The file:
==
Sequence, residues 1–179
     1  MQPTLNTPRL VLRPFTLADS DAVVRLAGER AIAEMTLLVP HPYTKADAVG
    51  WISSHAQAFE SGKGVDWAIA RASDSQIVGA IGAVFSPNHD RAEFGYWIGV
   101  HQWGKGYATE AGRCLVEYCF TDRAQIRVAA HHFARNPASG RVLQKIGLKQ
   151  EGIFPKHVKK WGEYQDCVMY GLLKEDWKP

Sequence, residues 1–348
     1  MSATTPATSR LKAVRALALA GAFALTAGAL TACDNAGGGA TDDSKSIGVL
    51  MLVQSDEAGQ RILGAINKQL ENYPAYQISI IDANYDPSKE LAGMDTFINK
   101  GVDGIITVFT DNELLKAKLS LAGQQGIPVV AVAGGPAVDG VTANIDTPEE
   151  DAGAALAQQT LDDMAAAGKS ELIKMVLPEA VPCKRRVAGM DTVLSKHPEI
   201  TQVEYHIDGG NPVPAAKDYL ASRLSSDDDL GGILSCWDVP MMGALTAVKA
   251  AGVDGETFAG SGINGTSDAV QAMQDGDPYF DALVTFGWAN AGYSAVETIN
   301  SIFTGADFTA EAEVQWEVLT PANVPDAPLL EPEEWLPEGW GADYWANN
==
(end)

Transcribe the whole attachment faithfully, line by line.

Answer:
Sequence, residues 1–179
     1  MQPTLNTPRL VLRPFTLADS DAVVRLAGER AIAEMTLLVP HPYTKADAVG
    51  WISSHAQAFE SGKGVDWAIA RASDSQIVGA IGAVFSPNHD RAEFGYWIGV
   101  HQWGKGYATE AGRCLVEYCF TDRAQIRVAA HHFARNPASG RVLQKIGLKQ
   151  EGIFPKHVKK WGEYQDCVMY GLLKEDWKP

Sequence, residues 1–348
     1  MSATTPATSR LKAVRALALA GAFALTAGAL TACDNAGGGA TDDSKSIGVL
    51  MLVQSDEAGQ RILGAINKQL ENYPAYQISI IDANYDPSKE LAGMDTFINK
   101  GVDGIITVFT DNELLKAKLS LAGQQGIPVV AVAGGPAVDG VTANIDTPEE
   151  DAGAALAQQT LDDMAAAGKS ELIKMVLPEA VPCKRRVAGM DTVLSKHPEI
   201  TQVEYHIDGG NPVPAAKDYL ASRLSSDDDL GGILSCWDVP MMGALTAVKA
   251  AGVDGETFAG SGINGTSDAV QAMQDGDPYF DALVTFGWAN AGYSAVETIN
   301  SIFTGADFTA EAEVQWEVLT PANVPDAPLL EPEEWLPEGW GADYWANN